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Government Corruption

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ENTERTAINMENT
August 29, 2012 | By Mark Olsen, Los Angeles Times
Imagine the heart of gonzo journalist Hunter S. Thompson beating within the body of comedian Sacha Baron Cohen, and you'll have a sense of Danish documentarian Mads Brügger. In his 2009 film, "The Red Chapel," he invented a cross-cultural comedy troupe as subterfuge to enter North Korea and examine conditions there. In his latest, "The Ambassador," opening Friday in Los Angeles, Brügger travels to Liberia and the Central African Republic, where, posing as a businessman with a penchant for safari jackets and riding boots, he exposes widespread government corruption and complicity in diamond smuggling.
ARTICLES BY DATE
WORLD
March 26, 2014 | By Glen Johnson
ISTANBUL, Turkey -- A Turkish court on Wednesday suspended a controversial ban on Twitter following an appeal even as the site's lawyers pursue separate legal action against the government's shutdown order, local media reports. Senior members of Turkey's ruling party said they would abide by the court's decision, which the state-run Anadolu news agency labeled a "temporary injunction. " The Turkish telecommunications authority blocked Twitter on Friday, just hours after Prime Minister Recep Tayyip Erdogan, hounded by corruption allegations leaked to social media platforms, vowed to “eradicate” it. The blockage prompted global outrage and widespread mockery, while Twitter use initially took off throughout the country, which has an estimated 12 million users.
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SCIENCE
November 18, 2013 | By Emily Alpert Reyes
College students who cheated on a simple task were more likely to want government jobs, researchers from Harvard University and the University of Pennsylvania found in a study of hundreds of students in Bangalore, India. Their results, recently released as a working paper by the National Bureau of Economic Research, suggest that one of the contributing forces behind government corruption could be who gets into government work in the first place. For instance, “if people have the view that jobs in government are corrupt, people who are honest might not want to get into that system,” said Rema Hanna, an associate professor at the Kennedy School of Government at Harvard.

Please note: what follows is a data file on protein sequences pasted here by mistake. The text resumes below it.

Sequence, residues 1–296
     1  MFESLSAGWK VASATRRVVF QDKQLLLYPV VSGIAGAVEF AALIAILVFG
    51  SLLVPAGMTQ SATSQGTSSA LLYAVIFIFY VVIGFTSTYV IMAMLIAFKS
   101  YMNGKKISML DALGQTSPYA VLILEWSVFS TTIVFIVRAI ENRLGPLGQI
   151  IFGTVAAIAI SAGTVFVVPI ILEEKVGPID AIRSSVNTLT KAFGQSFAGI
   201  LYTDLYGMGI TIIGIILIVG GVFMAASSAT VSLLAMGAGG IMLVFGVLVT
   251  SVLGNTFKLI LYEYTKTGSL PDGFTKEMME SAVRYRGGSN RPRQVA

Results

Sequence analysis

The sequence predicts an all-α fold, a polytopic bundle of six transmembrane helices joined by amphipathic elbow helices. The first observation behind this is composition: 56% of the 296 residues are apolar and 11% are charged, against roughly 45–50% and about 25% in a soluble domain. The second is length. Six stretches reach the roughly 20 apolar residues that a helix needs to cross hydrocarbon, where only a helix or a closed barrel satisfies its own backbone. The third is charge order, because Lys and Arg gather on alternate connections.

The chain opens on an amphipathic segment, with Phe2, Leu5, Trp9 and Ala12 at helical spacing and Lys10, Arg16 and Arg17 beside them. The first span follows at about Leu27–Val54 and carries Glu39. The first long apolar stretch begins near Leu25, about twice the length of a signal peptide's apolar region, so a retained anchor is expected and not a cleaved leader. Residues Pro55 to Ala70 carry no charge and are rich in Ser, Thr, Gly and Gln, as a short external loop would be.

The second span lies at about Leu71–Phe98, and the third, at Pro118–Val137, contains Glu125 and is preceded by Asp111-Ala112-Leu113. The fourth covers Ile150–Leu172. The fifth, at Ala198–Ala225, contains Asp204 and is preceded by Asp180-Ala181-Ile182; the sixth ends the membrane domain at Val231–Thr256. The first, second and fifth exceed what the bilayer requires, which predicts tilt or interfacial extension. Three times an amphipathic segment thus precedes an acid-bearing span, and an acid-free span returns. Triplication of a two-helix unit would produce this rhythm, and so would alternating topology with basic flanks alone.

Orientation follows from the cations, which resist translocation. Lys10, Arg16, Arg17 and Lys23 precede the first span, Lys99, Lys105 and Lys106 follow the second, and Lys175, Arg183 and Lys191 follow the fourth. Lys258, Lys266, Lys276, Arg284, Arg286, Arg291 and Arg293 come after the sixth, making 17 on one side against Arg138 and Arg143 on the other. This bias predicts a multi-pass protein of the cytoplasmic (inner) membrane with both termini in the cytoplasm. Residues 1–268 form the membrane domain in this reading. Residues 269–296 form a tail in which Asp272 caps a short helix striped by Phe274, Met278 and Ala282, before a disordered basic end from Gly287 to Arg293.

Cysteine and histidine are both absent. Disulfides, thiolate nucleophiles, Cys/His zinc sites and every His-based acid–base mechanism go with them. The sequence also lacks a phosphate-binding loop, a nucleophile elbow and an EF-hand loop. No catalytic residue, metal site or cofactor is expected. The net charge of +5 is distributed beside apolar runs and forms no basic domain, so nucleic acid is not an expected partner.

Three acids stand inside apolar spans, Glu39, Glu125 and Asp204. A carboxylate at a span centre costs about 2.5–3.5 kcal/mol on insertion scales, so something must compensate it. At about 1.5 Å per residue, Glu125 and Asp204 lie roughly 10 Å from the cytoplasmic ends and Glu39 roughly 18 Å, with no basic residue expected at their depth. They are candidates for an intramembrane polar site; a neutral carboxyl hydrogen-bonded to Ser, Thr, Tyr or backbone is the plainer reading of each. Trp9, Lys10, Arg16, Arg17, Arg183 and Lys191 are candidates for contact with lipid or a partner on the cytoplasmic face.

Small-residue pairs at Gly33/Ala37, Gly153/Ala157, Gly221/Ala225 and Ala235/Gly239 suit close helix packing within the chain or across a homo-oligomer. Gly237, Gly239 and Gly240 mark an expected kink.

CALIFORNIA | LOCAL
January 14, 2014 | By Jeff Gottlieb
Robert Rizzo, the former city manager of Bell who already has pleaded no contest to 69 corruption felonies, pleaded guilty Monday to federal tax charges in which he claimed more than $770,000 in phony losses, mostly on his horse ranch. Rizzo was dressed in a blue blazer and gray pants, as he has been for nearly all his court appearances. His hair, dyed brown when he was illegally receiving $1.5 million in annual compensation from Bell, is gray. He agreed last month to plead guilty to one count each of conspiracy to commit tax fraud and making a false income tax return.
CALIFORNIA | LOCAL
January 14, 2014 | By Jeff Gottlieb
Robert Rizzo, the former city manager of Bell who already has pleaded no contest to 69 corruption felonies, pleaded guilty Monday to federal tax charges in which he claimed more than $770,000 in phony losses, mostly on his horse ranch. Rizzo was dressed in a blue blazer and gray pants, as he has been for nearly all his court appearances. His hair, dyed brown when he was illegally receiving $1.5 million in annual compensation from Bell, is gray. He agreed last month to plead guilty to one count each of conspiracy to commit tax fraud and making a false income tax return.
CALIFORNIA | LOCAL
April 30, 2013 | By Phil Willon, Los Angeles Times